CFA CFA Level 2 How to Calculate Arbitrage: Bid Ask Spread Arbitrage Examples

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How to Calculate Arbitrage: Bid Ask Spread Arbitrage Examples

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  • This topic has 4 replies, 4 voices, and was last updated May-21 by gontata.
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      An unhelpful test prep provider answer has confused me about triangular arbitrage…Can I please double check with someone, which of the below situations is triangular arbitrage possible, and when is it impossible? For an e.g. I’m going to presume the quoted dealer spread is 65-66.

      1) the fair market arbitrage quote has to either be nowhere near the dealer spread i.e. dealer = 64-66 and arb spread is 67-68

      or 2) have one figure an improvement on the dealer quote and another not an improvement (possibly a worse quote or just the same): dealer = 64-66; arb = 64-65

      or 3) completely inside the dealer quote? dealer = 64-66; arb = 64.5-65

      I understand that if both arb prices ‘straddle’ the dealer spread: dealer = 64-66; arb = 63-67, there is no arb opportunity. But is there another option above or elsewhere which is an example of triangular arbitrage not being possible?

      Zee Tan voted up
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      Maybe I’m misunderstanding here. Are you referring to ‘regular’ (2 trades) arbitrage, or triangular (3 trades) arbitrage?

      Here is an example and discussion of triangular arbitrage.

      The example you’re giving seems to be for just 2 parties/trades:

      1. Dealer 64-66, market spread 67-68
        • Arbitrage opportunity: Buy from dealer at 66, sell at market at 67
      2. Dealer 64-66, market spread 64-65
        • No arbitrage opportunity
      3. Dealer 64-66, market spread 64.5-65
        • No arbitrage opportunity

      The governing concept behind all this:

      The idea is that you need to ‘buy low and sell high’, but the dealer and market will also, from their perspective, ‘buy low and sell high’. If you can find a way to make money by transacting around, then there is an arbitrage opportunity.

      So in your example 1, you do two transactions:

      • Buy from the dealer at their ask (i.e. sell price, i.e. the higher price, because they’re ‘selling high’) of 66.
      • Sell it to the market at their bid (i.e. buy price, i.e. the lower price, because they’re ‘buying low’) of 67.
      • You profit by 1 from the two trades.
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      Sorry, you’re right – this is just regular arbitrage! Apologies for any confusion to you Mikey and anyone reading.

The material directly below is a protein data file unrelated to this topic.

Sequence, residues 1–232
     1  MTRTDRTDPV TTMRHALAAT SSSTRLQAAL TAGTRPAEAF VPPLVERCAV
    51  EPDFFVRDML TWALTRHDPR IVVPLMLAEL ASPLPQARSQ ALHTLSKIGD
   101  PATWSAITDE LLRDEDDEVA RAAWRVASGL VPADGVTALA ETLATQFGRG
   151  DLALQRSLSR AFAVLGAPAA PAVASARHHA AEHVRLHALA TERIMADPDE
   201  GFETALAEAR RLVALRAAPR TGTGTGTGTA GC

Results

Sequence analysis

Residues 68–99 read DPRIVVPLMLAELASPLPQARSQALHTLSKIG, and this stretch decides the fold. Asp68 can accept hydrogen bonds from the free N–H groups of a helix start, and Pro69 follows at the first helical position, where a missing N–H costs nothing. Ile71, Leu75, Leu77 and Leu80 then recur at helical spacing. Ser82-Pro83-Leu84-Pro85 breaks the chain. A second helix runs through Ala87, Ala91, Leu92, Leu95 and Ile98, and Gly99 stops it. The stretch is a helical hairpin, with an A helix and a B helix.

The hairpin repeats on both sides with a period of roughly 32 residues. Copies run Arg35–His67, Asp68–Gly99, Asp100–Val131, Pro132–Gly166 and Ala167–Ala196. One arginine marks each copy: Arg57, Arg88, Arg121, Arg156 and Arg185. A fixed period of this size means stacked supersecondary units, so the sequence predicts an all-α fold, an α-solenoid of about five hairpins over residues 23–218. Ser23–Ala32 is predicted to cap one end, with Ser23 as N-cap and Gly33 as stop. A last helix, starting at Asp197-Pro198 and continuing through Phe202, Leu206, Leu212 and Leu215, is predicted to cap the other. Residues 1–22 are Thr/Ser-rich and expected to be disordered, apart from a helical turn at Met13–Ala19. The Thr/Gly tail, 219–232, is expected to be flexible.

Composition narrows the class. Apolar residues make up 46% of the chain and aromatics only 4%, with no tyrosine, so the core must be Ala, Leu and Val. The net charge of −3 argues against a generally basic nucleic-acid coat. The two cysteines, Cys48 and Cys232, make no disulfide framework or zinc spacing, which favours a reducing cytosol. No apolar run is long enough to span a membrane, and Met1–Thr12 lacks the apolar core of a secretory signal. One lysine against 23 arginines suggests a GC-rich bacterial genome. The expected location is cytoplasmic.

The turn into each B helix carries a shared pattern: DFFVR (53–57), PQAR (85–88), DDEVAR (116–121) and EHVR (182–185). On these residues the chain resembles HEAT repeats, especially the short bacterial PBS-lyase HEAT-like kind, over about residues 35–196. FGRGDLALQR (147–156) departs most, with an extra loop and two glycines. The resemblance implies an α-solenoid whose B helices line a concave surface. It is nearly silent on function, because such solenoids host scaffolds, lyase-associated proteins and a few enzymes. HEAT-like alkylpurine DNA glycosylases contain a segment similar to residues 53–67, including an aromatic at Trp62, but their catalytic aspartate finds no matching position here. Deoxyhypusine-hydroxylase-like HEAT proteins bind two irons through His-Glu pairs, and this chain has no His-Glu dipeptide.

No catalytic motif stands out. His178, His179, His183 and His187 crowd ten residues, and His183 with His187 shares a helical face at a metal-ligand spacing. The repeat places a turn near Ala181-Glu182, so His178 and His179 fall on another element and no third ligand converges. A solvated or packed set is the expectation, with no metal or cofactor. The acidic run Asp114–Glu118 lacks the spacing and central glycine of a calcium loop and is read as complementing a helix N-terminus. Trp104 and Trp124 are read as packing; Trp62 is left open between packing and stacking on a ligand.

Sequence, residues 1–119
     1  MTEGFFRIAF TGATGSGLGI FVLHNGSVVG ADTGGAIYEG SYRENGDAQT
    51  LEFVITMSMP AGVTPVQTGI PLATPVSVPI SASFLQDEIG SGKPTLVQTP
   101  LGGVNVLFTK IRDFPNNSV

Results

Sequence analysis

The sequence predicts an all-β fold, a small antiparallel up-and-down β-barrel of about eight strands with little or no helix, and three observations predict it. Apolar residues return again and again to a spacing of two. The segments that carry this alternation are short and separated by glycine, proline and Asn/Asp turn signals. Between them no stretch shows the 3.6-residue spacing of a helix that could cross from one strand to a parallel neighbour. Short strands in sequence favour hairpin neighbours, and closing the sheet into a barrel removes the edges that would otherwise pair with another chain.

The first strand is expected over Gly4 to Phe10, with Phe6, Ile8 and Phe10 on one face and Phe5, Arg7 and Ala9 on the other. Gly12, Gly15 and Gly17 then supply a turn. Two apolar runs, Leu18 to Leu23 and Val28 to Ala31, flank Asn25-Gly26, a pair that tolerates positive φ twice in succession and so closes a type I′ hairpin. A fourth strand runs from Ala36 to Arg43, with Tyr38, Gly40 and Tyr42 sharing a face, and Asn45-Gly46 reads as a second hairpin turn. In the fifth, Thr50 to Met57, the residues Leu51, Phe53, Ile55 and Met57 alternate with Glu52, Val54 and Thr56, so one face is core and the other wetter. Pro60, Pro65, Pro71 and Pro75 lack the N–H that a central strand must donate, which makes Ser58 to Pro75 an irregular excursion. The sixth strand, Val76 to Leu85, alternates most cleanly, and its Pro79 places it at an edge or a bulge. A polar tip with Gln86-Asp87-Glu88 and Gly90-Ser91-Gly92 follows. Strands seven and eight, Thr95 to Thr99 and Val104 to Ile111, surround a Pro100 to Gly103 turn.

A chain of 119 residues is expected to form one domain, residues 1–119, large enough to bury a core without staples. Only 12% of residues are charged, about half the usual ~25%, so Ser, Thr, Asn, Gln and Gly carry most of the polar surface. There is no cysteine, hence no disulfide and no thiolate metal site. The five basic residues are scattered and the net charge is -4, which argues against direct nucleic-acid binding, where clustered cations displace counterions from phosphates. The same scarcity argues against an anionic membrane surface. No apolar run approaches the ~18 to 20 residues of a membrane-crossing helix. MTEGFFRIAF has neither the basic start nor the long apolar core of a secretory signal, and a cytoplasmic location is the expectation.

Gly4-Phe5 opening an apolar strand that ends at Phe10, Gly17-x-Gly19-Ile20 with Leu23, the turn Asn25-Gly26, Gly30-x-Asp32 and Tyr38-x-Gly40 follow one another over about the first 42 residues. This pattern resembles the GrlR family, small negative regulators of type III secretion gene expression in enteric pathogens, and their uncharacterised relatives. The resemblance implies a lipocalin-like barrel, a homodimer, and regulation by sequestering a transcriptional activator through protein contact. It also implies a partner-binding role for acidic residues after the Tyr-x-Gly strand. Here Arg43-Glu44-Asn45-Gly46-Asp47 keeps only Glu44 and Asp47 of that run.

So, just to make sure I’ve got this right, in my head the rule is: there is only an arb opp if there is some ‘price improvement’ in the arb or dealer spread for the opposite transaction, i.e. if you can buy cheaper in the market but cannot sell for a better price to the dealer (either the dealer bid is worse or the same as the market bid), then there is no arbitrage; but if you can also sell at a better bid to the dealer, then there is an opp? Opposite of course for selling in the market/buying from the dealer.

      And is an ‘outside spread’ completely outside the dealer spread or can it be straddling one end of the dealer spread range?

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      @cfyay:

      So, just to make sure I’ve got this right, in my head the rule is: there is only an arb opp if there is some ‘price improvement’ in the arb or dealer spread for the opposite transaction, i.e. if you can buy cheaper in the market but cannot sell for a better price to the dealer (either the dealer bid is worse or the same as the market bid), then there is no arbitrage; but if you can also sell at a better bid to the dealer, then there is an opp? Opposite of course for selling in the market/buying from the dealer.

      Yes – buy from either party to sell to the other. If you profit, then you’re profiting from price differences, i.e. arbitrage.

      @mikey has got the right idea on how to think about arbitrage.

      The outside spread is the ‘widest range’, the prices at which value-based traders are willing to buy and sell, since value-based traders are the ultimate buy-low-and-sell-high counterparties. So it will be outside the dealer spread.

       

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      Who is the offending provider? 😁

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